Stark, who was formerly assistant professor at the University of Southern California’s Roski School of Art and Design, has exhibited twice in the Whitney Biennial — most recently in 2017, when Forbes said that her submission was one of ‘10 Art Works You Must See’.
Stark’s works are also found in the permanent collections of Tate, the Metropolitan Museum of Art and the Hirshhorn Museum and Sculpture Garden.
Eleanor Swordy (b. 1987) has racked up eight solo gallery shows and dedicated fair booths since 2017, including exhibitions at Moskowitz Bayse in Los Angeles and The Journal Gallery in New York. Yet she first appeared at auction just two months ago.
When her bright, stylised, figurative painting Where To was sold in Hong Kong in April, it fetched an impressive HK$756,000 — almost four times its low estimate.
Swordy’s works often combine monumentality with the bright clarity of a cartoon. The artist herself has said: ‘I suppose the feeling I’m going for is an experience of recognition, followed by tension or bewilderment and then comic relief.’
She graduated with a BFA from Cooper Union in New York in 2010, but is yet to exhibit at a major museum. With her profile on the rise, it seems like the perfect time for an institutional show.
When Laura Owens (b. 1970) was a student at the Rhode Island School of Design in the early 1990s, one teacher suggested that Abstract Expressionism was only for men, and women should paint from life.
She did the opposite, and in 2003 became the youngest artist ever to be awarded a retrospective at the Museum of Contemporary Art in Los Angeles.
‘My work doesn’t really deal with self-representation,’ she said that year, after declining a request to contribute a feature on female self-portraits to Vogue.
Since then, Owens’s huge AbEx canvases, which often contain collaged pieces of fabric and digitally manipulated screen-prints, have won her solo shows at the Secession in Vienna, the Whitney Museum of American Art in New York, and the Isabella Stewart Gardner Museum in Boston.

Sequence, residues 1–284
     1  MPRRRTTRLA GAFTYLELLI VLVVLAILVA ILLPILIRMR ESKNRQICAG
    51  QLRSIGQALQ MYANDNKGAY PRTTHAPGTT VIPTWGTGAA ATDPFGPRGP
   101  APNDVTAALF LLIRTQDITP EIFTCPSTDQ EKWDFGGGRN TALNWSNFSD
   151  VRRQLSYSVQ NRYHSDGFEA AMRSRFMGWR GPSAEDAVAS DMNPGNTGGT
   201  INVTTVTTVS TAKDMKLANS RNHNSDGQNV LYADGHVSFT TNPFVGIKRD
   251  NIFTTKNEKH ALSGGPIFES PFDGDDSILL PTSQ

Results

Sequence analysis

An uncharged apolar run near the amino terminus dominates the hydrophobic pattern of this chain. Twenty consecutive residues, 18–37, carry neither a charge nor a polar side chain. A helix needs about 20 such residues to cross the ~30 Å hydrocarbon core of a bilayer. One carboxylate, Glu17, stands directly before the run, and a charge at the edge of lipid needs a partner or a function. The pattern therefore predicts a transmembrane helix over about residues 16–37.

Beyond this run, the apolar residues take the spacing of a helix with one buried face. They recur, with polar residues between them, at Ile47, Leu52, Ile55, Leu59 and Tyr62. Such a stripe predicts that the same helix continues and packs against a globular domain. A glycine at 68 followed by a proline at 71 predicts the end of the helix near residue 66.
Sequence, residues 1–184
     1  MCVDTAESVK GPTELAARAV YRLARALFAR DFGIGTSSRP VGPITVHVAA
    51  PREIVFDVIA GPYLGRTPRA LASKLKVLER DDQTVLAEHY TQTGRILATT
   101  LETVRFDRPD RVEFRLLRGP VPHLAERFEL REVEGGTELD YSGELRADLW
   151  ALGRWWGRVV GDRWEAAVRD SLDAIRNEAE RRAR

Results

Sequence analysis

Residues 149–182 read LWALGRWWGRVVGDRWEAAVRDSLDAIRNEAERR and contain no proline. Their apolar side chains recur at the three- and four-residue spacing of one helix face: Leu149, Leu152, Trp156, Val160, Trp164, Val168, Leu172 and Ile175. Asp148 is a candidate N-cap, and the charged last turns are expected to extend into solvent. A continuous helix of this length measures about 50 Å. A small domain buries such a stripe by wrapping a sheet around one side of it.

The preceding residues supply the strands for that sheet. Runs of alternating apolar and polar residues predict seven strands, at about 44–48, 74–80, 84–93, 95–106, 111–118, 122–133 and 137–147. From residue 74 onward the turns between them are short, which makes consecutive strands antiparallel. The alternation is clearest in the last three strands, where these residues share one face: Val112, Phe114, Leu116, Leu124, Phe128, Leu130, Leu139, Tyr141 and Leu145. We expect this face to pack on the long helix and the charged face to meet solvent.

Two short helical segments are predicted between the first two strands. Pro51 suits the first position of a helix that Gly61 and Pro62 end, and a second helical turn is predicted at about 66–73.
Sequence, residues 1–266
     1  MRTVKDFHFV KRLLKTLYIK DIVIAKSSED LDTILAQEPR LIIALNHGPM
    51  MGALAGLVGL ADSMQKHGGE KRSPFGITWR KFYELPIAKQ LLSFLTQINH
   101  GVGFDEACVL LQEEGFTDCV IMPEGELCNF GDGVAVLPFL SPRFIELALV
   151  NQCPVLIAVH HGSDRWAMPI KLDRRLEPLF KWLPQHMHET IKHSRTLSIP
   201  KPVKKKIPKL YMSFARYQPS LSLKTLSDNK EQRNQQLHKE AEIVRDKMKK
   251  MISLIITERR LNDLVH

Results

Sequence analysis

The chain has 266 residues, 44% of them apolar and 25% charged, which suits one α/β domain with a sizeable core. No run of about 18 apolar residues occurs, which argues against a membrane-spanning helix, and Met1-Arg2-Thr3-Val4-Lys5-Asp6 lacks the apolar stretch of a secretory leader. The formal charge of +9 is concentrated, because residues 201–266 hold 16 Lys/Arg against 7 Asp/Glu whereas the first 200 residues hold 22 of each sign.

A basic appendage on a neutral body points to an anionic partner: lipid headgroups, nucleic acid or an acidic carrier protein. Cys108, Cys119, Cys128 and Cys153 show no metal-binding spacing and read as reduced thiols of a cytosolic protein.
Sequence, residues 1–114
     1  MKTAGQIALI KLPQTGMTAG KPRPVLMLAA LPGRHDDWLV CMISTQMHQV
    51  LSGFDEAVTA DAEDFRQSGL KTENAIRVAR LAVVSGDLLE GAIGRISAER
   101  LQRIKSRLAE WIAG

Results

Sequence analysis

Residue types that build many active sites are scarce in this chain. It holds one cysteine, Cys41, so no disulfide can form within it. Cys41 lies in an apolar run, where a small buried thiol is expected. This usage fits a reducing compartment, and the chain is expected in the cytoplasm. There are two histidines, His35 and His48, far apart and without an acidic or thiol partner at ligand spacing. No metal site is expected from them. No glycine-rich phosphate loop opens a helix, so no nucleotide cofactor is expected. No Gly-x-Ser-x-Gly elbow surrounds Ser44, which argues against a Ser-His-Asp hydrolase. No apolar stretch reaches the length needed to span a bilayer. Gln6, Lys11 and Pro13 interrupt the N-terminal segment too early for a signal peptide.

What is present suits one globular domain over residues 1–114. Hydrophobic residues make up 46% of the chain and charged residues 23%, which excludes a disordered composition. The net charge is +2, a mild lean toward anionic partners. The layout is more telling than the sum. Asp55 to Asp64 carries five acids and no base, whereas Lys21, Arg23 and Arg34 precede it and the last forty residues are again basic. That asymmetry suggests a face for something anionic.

In 2015, she was also awarded the Robert de Niro, Sr. Prize for her ‘significance and innovation in the field of painting’.
Her work is currently on show at the Fondation Vincent van Gogh in Arles, hanging alongside paintings by Van Gogh himself.
Given all these achievements, it’s not surprising that her auction record stands at a mighty $1.45 million.
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Katherine Bernhardt (b. 1975) paints large, expressive canvases that feature tropical colours and recurring nostalgic motifs such as hamburgers, cigarettes, Nike trainers and the Pink Panther.
‘They’re just good colours and shapes,’ she once said of her graffiti-like pictures.
In 2016 Bernhardt held her first exhibition, at Xavier Hufkens in Brussels, having signed a deal to be represented by the gallery. Since then, she has had solo shows at the Contemporary Art Museum St. Louis, the Museo Mario Testino in Lima and Nanzuka in Tokyo.
When the portrait painter Jenna Gribbon (b. 1978) was asked what words of advice she would give to young female artists, she replied: ‘Trust in your own voice and keep working. I worked in my studio for many years without shows.’
But her dedication paid off, and in May 2020, after signing with Fredericks & Freiser gallery, she sold 10 pictures for up to $20,000 each at Frieze New York Online.
Three months later, Artnet called her a ‘rising star’ of the figurative painting world.
Gribbon’s most recent portraits, which depict the boredom and isolation of lockdown, reportedly had collectors registering interest before they were even hung on the walls of London’s Noho Studios for a Taymour Grahne Projects exhibition in April this year.